height vineyard vine : 60-250 m │hectares: 227 │annual pluviometry : 600 mm │annual temperature average: 15,8° │ winegrowers: 98 │wineries: 8
Located between the sea and the mountains, surely one of the most surprising and attractive mystery of the Alella wines is its own existence, a product of small vineyards, sometimes hidden from the curious eyes of visitors, who for many years fought for survival in an admirable and unequal battle against the expansion of a large and luxurious urban area. Luckily, today the battle has been won, since most of the vineyards of the DO Alella are under protection, because it has been included in the natural park of Montseny (declared a biosphere reserve in 1978), the natural park of Serralada Marina, the natural park of Coastal Range, and the natural park of Montnegre-Corredor and Vall del Tenes..
DO Alella is one of the smallest and also one of the oldest in the Iberian Peninsula. It is said that the Romans kept their amphorae of wine in Tiana, a small town that became the capital at that time, and that from the Maresme ships with a cargo of wine sailed out to the cities of Spanish Cantabrian in the north. There, together with wines from other sources, they undertook the long journey to the Indies. However, this historical origin was not focused in the vineyards and the wine of Alella as we know today, but primarily in the red wines produced in the entire area of Maresme and who enjoyed great prestige at the time, being the favorite of the canons of the Cathedral of Barcelona in medieval times.
More recently, and after the phylloxera plague, most of the vineyards of that area were not planted again. In fact, only Alella was saved, and it was thanks to a privileged situation and the lucidity of those who, at the beginning of the century, built the Cooperativa Vinícola Alella, actually Alella Vinícola, focusing the business vision on the Barcelona bourgeoisie area, but without losing sight of what for many years would be their best customer, the increasingly powerful, and very close, city of Barcelona
DO Alella is located north of Barcelona, where they grow about 227 hectares of vineyards, according to the DO Alella, which spread over two counties: the Maresme, fronting on the Mediterranean, and on the other side of the coastal mountain range, the Vallés Oriental.
- The Maresme ranges between the Barcelonés and La Selva and limits to the north with the Vallés Oriental, and consists of a total of thirty municipalities, sixteen on the coast and fourteen inland.
- Vallès Oriental consists of forty-three municipalities and its capital is Granollers. It borders with the Maresme, Vallés Occidental, Osona and La Selva.
Recommended varieties: white currant (Xarel • Io) and white Garnacha.
Authorized varieties: Macabeo, Malvasia, Moscatel de Grano Menudo, Parellada, white Picapoll, Chardonnay, Chenin Blanc and Sauvignon blanc.
Recommended varieties: Garnacha.
Authorized varieties: Cabernet Sauvignon, Garnacha Peluda , Merlot, Monastrell, Pinot Noir, Samsó or Mazuela, Sumoll red, Syrah, Tempranillo or Ull de Llebre.
Wines are produced in all versions: white, rose, red and sweet wine, plus sparkling wines under the DO Cava.
Their common denominator is the minerality, especially in white wines, whatever could be the method of production. We will find this feature in both white and red wines from the maritime side, in the Maresme, and somewhat less perceptible in the inland region of Vallès Oriental.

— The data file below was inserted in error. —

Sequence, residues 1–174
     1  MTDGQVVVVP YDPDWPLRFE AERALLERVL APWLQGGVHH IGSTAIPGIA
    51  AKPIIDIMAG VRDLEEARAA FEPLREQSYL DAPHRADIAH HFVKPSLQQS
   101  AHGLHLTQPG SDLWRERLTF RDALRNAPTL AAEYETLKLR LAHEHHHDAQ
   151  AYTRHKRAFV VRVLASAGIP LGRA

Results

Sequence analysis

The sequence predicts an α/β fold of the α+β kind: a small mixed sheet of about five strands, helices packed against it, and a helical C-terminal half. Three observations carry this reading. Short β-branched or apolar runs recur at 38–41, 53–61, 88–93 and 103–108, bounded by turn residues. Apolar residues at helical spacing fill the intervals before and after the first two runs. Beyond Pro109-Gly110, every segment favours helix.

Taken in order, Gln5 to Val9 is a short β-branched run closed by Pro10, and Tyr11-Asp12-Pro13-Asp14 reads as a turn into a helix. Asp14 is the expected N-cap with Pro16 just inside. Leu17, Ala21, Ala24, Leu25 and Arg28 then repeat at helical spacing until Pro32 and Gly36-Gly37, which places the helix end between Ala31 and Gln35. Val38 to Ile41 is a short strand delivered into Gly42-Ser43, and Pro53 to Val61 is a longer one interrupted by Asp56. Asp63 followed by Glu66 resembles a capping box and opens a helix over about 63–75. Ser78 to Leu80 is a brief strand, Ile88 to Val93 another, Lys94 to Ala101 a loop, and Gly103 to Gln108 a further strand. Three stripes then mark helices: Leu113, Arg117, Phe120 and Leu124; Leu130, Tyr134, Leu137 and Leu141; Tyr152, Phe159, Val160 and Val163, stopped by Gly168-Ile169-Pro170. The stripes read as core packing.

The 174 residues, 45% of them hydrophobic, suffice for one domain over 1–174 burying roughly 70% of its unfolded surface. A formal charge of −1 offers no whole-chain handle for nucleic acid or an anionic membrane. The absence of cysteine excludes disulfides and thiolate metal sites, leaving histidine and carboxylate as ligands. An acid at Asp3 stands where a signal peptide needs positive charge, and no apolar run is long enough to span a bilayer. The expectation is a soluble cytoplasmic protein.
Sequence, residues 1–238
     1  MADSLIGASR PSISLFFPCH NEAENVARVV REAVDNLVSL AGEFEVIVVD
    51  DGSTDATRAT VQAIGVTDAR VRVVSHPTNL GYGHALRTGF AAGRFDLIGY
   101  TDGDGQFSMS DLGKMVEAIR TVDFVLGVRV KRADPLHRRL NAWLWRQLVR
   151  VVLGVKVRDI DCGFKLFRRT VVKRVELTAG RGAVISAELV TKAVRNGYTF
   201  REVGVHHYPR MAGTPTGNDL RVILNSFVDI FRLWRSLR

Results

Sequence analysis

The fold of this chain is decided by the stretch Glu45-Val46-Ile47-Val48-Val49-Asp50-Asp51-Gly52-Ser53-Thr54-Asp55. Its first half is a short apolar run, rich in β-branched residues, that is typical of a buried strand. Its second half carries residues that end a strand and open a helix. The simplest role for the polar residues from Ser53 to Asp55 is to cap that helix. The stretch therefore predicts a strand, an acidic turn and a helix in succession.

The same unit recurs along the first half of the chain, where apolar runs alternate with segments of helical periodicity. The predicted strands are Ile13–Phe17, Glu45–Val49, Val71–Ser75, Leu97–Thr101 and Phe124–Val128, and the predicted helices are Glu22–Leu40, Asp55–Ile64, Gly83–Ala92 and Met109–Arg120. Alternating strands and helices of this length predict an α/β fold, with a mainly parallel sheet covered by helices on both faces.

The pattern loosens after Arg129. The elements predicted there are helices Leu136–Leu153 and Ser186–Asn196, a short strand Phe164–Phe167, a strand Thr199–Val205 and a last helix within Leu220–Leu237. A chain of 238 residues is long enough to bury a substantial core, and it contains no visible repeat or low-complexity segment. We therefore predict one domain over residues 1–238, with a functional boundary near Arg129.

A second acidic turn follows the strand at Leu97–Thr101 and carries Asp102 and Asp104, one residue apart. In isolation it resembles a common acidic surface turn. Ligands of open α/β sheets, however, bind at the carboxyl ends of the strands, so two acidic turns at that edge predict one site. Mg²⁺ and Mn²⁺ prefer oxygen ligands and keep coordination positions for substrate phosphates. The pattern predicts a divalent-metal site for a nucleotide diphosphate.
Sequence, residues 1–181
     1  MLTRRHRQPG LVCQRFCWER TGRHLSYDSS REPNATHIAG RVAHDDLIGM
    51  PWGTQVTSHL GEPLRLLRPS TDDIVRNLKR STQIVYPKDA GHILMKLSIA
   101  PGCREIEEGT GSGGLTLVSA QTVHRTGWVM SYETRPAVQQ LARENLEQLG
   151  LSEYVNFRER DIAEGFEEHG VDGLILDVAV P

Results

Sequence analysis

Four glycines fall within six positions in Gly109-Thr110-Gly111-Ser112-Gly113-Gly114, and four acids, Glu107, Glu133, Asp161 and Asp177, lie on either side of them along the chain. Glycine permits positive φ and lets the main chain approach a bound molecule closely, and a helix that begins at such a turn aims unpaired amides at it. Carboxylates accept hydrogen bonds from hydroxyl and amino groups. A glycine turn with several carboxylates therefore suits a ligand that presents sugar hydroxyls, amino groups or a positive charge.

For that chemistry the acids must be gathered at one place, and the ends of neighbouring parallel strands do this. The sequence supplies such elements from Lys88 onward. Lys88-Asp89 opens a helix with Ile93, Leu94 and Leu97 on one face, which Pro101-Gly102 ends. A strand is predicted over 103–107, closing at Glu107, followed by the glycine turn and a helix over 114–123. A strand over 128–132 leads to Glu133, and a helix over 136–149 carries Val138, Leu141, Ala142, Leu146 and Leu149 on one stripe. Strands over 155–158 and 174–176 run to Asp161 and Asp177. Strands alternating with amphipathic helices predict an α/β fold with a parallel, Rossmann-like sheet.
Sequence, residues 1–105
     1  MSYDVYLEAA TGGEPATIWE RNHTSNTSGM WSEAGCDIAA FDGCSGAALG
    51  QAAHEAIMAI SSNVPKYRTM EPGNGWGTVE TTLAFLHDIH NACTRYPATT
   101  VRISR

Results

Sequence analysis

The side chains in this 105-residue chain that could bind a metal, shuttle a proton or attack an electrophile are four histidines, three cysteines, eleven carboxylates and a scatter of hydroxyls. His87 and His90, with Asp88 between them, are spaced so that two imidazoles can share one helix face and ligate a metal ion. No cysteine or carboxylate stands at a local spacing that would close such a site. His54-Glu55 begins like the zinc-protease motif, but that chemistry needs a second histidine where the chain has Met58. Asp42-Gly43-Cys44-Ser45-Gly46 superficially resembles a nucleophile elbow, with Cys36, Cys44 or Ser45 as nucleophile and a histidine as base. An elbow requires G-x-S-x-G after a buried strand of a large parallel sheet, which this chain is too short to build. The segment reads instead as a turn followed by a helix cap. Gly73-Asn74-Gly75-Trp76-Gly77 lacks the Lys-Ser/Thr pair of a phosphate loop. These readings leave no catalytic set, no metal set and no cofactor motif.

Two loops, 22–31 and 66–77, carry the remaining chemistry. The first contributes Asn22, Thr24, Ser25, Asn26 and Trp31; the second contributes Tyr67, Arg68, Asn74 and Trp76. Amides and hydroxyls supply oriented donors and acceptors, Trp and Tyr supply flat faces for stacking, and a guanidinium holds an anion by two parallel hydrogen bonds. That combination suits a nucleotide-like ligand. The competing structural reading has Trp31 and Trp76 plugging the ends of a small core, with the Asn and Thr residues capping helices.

This minerality is given by the type of soil, a granitic loam which in its topsoil becomes small grains, which are called Sauló. A soil with good drainage makes necessary for the vine to deepen its roots to find water and the different nutriments. Thus, it creates a small “stress”, which well controlled also helps to regulate the production of grapes per vine. In fact, the little different in flavor that we could see in the wines produced in the maritime aspect regarding those processed inland, is that inland wines have an acidity more present.
Current and future
The eight wineries in the DO Alella have very different policies when it comes to cultivating and developing its range of wines. Some still drags a very eclectic view of the Catalan wine, combining a hedonic point of view with a more committed one to the varietal and territorial recovery of Alella vineyard slope. The good news is that almost all the wineries are committed, to a greater or lesser extent, with organic viticulture, even with some natural wines, and that all have begun a way to connect with the adoption of the white currant as the flagship in this area.
Now, however, the white currant is no longer enough. Some are working to recover rose currant, to restoring the white Picapoll, to make more white Garnacha, and there are even those who work with the red Sumoll version.
DO Alella is small and the varietal recovery is easier in confined spaces, in which the same effort represents a much higher percentage of the work to be done.
Alella suffers more than other areas for the crops. Perhaps because the size of the wineries is small, and because the means are also proportional. But it is great news that is sensitive to the vintages, since consumers can see that the wines do not have a big winery behind that could hide what it may happens in the vineyard. And this is something to be grateful for.
The future repose, as in the rest of the Catalan viticulture, on traditional varieties. In fact, in the last ten years, the only proposal in Alella has been white currant. The other varieties, including Garnacha , do not receive the same support, perhaps because nobody really believes that they could form part of the future in the DO Alella.